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crypto/tls: add TestClientHandshakeContextCancellation back after fixing flake #45106

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katiehockman opened this issue Mar 18, 2021 · 13 comments
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@katiehockman
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@katiehockman katiehockman commented Mar 18, 2021

Related to #45084 and #32406

We had to remove the test in 2f3db22 since it was flaky, so we should fix it and add it back.

@johanbrandhorst I've gone ahead and assigned this to you since you wrote the original code and removed the test, but let us know if you don't have time to fix it and we can assign it to someone on our team.

/cc @FiloSottile @rolandshoemaker

@johanbrandhorst
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@johanbrandhorst johanbrandhorst commented Mar 18, 2021

Thanks for the follow-up Katie, I should be able to find the time for this, but I'll let you know if not.

@johanbrandhorst
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@johanbrandhorst johanbrandhorst commented Mar 19, 2021

I'm having some problems reproducing this failure on my machine, any thoughts on the environment that triggers this?

$ go test -run '^TestClientHandshakeContextCancellation$' ./crypto/tls
ok      crypto/tls      0.019s
$ go test -run '^TestClientHandshakeContextCancellation$' -count=100 ./crypto/tls
ok      crypto/tls      0.039s
$ go test -run '^TestClientHandshakeContextCancellation$' -count=1000 ./crypto/tls
ok      crypto/tls      0.215s
$ go test -run '^TestClientHandshakeContextCancellation$' -count=100000 ./crypto/tls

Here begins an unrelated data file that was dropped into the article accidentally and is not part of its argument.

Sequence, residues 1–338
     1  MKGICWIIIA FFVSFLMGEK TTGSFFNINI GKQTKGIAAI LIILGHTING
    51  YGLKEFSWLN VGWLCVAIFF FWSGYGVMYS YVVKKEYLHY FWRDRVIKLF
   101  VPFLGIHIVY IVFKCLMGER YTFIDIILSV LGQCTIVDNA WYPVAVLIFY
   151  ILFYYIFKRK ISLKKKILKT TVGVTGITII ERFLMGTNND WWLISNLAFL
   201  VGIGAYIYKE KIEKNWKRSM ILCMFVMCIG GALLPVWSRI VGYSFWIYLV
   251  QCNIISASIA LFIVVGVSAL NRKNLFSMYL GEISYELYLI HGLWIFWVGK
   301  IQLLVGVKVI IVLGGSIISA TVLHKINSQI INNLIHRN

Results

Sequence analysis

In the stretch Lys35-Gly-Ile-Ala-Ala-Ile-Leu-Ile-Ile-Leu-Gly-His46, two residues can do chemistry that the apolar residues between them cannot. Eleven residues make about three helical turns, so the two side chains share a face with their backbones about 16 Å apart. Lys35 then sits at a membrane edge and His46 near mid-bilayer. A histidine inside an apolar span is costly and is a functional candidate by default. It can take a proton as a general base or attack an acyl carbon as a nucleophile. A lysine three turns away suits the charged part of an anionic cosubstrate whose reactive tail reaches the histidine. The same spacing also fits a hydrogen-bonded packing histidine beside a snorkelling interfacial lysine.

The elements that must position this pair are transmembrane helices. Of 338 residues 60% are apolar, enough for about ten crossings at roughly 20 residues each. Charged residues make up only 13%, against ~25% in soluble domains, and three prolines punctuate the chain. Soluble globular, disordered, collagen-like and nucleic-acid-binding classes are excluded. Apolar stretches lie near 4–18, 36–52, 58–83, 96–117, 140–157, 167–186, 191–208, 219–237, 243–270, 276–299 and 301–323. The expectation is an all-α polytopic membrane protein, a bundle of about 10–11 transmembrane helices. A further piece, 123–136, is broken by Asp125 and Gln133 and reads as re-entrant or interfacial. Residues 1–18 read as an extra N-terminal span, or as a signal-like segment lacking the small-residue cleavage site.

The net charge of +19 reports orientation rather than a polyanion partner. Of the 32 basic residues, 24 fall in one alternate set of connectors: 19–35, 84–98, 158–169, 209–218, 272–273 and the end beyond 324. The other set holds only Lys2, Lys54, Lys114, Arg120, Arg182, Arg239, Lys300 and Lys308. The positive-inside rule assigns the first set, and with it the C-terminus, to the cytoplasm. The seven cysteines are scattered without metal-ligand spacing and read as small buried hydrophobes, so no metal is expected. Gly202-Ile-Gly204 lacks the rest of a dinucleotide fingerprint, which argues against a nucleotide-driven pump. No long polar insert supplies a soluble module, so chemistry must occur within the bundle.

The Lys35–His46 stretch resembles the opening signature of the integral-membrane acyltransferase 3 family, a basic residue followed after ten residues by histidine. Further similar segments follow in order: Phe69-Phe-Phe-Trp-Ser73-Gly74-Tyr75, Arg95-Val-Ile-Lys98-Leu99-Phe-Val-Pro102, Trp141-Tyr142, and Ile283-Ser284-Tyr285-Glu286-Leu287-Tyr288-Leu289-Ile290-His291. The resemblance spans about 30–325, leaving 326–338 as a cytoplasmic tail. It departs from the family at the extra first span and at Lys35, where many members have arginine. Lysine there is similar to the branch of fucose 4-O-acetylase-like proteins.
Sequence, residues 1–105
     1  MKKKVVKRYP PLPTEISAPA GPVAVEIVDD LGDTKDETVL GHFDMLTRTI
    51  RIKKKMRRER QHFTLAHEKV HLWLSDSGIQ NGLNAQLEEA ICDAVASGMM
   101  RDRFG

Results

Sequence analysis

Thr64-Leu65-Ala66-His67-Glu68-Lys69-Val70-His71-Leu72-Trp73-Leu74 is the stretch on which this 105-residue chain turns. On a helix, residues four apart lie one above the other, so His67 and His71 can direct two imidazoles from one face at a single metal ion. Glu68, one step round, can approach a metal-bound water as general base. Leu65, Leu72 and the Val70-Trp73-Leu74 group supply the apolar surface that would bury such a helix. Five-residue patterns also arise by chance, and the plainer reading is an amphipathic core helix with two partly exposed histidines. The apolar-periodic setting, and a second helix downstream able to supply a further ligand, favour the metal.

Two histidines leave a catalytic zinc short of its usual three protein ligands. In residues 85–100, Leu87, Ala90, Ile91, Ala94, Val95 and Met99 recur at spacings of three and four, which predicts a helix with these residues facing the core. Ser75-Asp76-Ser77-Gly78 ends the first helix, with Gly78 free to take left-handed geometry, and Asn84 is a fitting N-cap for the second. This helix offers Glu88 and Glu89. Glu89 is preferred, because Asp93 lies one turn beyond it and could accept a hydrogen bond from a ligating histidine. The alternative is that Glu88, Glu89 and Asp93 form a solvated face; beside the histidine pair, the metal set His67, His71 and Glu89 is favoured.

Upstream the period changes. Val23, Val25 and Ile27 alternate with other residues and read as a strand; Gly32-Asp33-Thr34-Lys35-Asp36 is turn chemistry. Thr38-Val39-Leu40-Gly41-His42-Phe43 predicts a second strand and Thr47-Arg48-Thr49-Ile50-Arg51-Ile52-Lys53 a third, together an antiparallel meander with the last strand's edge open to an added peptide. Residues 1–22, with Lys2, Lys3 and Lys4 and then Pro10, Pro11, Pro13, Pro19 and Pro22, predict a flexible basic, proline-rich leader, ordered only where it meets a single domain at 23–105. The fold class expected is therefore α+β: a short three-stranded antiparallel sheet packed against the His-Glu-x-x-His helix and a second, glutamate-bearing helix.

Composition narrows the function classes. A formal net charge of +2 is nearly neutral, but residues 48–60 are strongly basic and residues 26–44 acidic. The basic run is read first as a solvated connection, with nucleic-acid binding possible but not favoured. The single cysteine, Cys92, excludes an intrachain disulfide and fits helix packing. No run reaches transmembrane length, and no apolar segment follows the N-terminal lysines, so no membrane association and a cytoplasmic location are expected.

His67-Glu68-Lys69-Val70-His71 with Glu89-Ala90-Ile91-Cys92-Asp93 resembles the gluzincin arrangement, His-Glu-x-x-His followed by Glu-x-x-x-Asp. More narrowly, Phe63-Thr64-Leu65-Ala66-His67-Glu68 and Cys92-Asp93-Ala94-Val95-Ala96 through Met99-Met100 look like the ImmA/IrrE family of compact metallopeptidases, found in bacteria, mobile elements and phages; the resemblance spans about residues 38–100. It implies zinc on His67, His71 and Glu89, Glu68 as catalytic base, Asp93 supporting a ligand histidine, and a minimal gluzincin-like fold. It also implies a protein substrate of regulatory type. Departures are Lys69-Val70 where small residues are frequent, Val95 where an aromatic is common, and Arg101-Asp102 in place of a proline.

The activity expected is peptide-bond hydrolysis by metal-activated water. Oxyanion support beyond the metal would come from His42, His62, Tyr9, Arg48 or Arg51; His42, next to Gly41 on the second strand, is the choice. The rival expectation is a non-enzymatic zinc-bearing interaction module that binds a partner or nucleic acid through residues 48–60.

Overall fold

ok      crypto/tls      19.952s
$ go test -run '^TestClientHandshakeContextCancellation$' -race -count=1 ./crypto/tls
ok      crypto/tls      0.071s
$ go test -race -count=1 ./crypto/tls/...
ok      crypto/tls      5.215s
$ go test -race -count=10 ./crypto/tls/...
ok      crypto/tls      31.854s
$ go test -count=10 ./crypto/tls/...
ok      crypto/tls      14.045s
@katiehockman
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@katiehockman katiehockman commented Mar 19, 2021

Here's one of the builder failures, which describes the environment some: https://build.golang.org/log/6e8d66419f4cf08633e84e3c03777ccbf3f41e54

Based on the logs @bcmills provided in the issue, it wasn't affecting darwin architectures, so if you're running those tests from a Mac, that might be why you aren't seeing it. Maybe try a Linux machine, if you have one.

@johanbrandhorst
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@johanbrandhorst johanbrandhorst commented Mar 19, 2021

Thanks for the link, I'll have a look. I'm running it on linux/amd64. Maybe I'll just have to run the whole testsuite. I assumed it might be contention on the localPipe but even running the whole crypto/tls suite didn't seem to trigger it. I'll play around with it a bit more, but if someone else finds a good way to reproduce the error, or better yet, have a good idea about what the problem could be, let me know!

@gopherbot
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@gopherbot gopherbot commented Mar 28, 2021

Change https://golang.org/cl/305250 mentions this issue: crypto/tls: reintroduce simplified cancellation test

@millerresearch
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@millerresearch millerresearch commented Mar 30, 2021